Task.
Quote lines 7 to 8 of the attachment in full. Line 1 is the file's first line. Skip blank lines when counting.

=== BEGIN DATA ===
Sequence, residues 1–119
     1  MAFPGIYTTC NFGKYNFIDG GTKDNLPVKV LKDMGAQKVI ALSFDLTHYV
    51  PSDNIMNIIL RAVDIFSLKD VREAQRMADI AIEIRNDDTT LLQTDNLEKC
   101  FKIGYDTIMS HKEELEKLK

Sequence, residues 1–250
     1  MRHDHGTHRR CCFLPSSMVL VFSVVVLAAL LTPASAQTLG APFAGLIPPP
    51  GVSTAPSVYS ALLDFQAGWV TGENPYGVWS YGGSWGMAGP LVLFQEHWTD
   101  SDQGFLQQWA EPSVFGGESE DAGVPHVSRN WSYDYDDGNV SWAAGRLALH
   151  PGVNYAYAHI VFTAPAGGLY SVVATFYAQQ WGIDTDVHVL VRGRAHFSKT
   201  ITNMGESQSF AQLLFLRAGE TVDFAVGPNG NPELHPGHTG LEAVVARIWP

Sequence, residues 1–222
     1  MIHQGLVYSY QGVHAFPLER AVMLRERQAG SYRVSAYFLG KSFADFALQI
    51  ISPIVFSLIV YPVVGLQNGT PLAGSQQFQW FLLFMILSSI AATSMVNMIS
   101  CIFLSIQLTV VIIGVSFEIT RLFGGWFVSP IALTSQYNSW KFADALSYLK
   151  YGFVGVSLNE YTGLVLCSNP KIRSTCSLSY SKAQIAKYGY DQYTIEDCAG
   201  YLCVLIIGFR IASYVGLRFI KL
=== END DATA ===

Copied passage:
    51  GVSTAPSVYS ALLDFQAGWV TGENPYGVWS YGGSWGMAGP LVLFQEHWTD
   101  SDQGFLQQWA EPSVFGGESE DAGVPHVSRN WSYDYDDGNV SWAAGRLALH